Why for example, when a church is being sued, keep the details from the congregation (who tithe and are supposedly part of the ‘family’). Are the congregation too stupid to trust? Why try to cover up sins of a Pastor, or keep the ‘restoration process’ secretive. Surely part of the ‘restoration’ is to the church family?

You may argue that these are people who are entitled to their private lives. May I suggest that it is the desire to keep a private life that causes these sins to be covered up in the first place. May I also suggest that someone attaining to be a pastor, especially of a mega/pioneer church, city on a hill, example to non-Christians, that a private life is the last thing you should seek let alone earn.

When Jesus got the news, he slipped away by boat to an out-of-the-way place by himself. But unsuccessfully someone saw him and the word got around. Soon a lot of people from the nearby villages walked around the lake to where he was. When he saw them coming, he was overcome with pity and healed their sick.” – Matt 14:13-14 The Message

Someone who wants leadership, but wants to maintain a private life or low profile, should not consider becoming a Christian pastor or minister. It is my opinion that they should instead try becoming a CEO, entertainer or politician.

But this is the crux of the matter. In many large, modern, charismatic churches there is no distinction between the pastoral role and the role of a CEO. Many Christian leaders now lecture empower business people and hold leadership conferences. In turn, the church borrows business practices, methods and … *shudder* … buzzwords. I noticed just the other day on a piece of church literature that they hold cell groups for youth, adults and … business people!

Why are cell groups needed for business people? Are they some other species apart from us. Do adults beget children, business people beget business people? Oh it’s all about strategy and wealth creation blah, blah, blahdy-blah. Let me tell you who you’re strategy is- it’s the church- and by that I mean the people! Not some flip chart. Half of these people have not even heard of Herzberg, Maslow or Mintzberg yet they still go on to claim some sort of positional authority without question.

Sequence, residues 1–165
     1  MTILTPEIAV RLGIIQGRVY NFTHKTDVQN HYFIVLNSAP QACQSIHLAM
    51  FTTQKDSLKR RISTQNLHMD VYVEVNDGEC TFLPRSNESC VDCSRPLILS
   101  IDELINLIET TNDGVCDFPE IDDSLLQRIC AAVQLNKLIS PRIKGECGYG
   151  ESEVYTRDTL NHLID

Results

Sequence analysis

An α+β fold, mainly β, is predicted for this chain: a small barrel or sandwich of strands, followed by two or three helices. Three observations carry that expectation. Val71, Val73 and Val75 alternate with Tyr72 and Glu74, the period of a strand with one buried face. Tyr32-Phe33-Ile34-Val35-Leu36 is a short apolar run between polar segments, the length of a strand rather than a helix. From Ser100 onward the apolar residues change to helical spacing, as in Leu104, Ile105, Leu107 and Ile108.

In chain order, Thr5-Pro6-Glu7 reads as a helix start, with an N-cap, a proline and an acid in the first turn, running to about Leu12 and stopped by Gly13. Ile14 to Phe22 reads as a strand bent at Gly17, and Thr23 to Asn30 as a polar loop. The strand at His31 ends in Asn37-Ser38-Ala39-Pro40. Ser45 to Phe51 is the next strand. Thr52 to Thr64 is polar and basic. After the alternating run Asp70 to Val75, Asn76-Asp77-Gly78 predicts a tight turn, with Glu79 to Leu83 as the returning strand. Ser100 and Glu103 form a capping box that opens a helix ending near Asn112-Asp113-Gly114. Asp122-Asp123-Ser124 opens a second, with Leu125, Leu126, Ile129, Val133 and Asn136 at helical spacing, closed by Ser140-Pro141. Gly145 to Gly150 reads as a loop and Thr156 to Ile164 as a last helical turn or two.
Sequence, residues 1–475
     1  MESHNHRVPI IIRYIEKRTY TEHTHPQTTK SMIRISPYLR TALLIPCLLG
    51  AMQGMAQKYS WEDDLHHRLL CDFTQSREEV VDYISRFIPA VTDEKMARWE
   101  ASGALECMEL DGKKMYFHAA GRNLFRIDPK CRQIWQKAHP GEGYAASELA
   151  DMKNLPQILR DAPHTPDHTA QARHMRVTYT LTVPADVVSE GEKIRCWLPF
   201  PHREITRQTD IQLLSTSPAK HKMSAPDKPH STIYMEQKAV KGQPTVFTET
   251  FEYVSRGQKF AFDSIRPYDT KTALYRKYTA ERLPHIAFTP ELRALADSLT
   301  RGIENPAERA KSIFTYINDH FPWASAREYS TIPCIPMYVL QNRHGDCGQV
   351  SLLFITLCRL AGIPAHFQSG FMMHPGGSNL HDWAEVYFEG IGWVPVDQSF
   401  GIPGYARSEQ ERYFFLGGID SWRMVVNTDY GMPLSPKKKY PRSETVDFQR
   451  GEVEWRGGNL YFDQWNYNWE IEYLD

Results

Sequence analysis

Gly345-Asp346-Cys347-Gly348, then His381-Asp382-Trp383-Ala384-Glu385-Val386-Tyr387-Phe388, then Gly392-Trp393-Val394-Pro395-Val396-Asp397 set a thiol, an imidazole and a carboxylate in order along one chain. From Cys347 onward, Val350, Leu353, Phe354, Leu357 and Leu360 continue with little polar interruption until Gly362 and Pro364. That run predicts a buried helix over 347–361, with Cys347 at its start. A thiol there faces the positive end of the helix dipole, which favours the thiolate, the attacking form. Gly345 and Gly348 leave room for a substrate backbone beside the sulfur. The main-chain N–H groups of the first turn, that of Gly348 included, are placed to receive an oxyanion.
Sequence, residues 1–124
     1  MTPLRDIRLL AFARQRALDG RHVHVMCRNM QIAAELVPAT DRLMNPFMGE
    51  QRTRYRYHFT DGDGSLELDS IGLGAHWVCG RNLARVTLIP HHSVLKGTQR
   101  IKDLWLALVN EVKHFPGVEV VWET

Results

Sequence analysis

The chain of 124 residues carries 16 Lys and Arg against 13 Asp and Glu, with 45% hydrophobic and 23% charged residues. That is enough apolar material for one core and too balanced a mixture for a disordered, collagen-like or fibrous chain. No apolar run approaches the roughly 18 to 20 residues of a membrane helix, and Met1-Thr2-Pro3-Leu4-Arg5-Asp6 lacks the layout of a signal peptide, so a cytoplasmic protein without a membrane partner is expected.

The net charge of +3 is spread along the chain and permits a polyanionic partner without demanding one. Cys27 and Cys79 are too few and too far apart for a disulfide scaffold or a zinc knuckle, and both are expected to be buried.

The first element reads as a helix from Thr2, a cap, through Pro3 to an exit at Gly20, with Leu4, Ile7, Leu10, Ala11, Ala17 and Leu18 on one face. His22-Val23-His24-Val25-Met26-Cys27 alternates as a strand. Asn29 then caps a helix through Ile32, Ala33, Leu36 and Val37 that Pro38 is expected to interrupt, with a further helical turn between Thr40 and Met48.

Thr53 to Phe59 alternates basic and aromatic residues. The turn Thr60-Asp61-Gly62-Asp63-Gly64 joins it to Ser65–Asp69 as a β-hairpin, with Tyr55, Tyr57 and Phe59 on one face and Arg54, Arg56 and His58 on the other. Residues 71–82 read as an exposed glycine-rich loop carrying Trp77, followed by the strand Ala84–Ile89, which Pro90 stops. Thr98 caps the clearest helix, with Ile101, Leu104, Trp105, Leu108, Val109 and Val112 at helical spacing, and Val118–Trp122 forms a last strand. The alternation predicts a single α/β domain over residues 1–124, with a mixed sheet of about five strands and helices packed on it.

What happens when the lines between the impersonal business world and the church become blurred. Privacy and privilege become the stakes. Pastors begin to act like CEO’s, and risk becoming corrupt politicians.

Don’t admit there are problems until there is substantial evidence… in fact don’t admit problems. Keep information about the churches progress low key or secret, as if to stay ahead of some sort of imaginary competition. Maximise profits (for the Kingdom), focus on PR, Celebrians (Christian celebrities), and releasing worship albums. Repeat the mantra, “Isn’t life great?”

It wasn’t a male prostitute, the devil, or lust that got to Haggard, it was power. Haggard was seduced by power and status, which is why he had not already repented in 3 years. It is why he struggled with the truth even in front of the National media.

In the end Jesus’ words ring true:

“If you try to hang on to your life, you will lose it. But if you give up your life for my sake, you will save it. And what do you benefit if you gain the whole world but lose your own soul? Is anything worth more than your soul?” – Matthew 16:25-26 NLT

UPDATE: 11/03/07

Relevant Magazine features an article by Aaron Van Voorhis on The Commercial Church, worth a read.

Ironic Referral: Church Marketing Sucks

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One Response to “[Churchianity] Successful Christian Leadership”

  1. […] touched on the subject before in the past, in a blog post entitled Successful Christian Leadership. Back then I came from a more personal, more bitter angle but the great thing about SCL is it can […]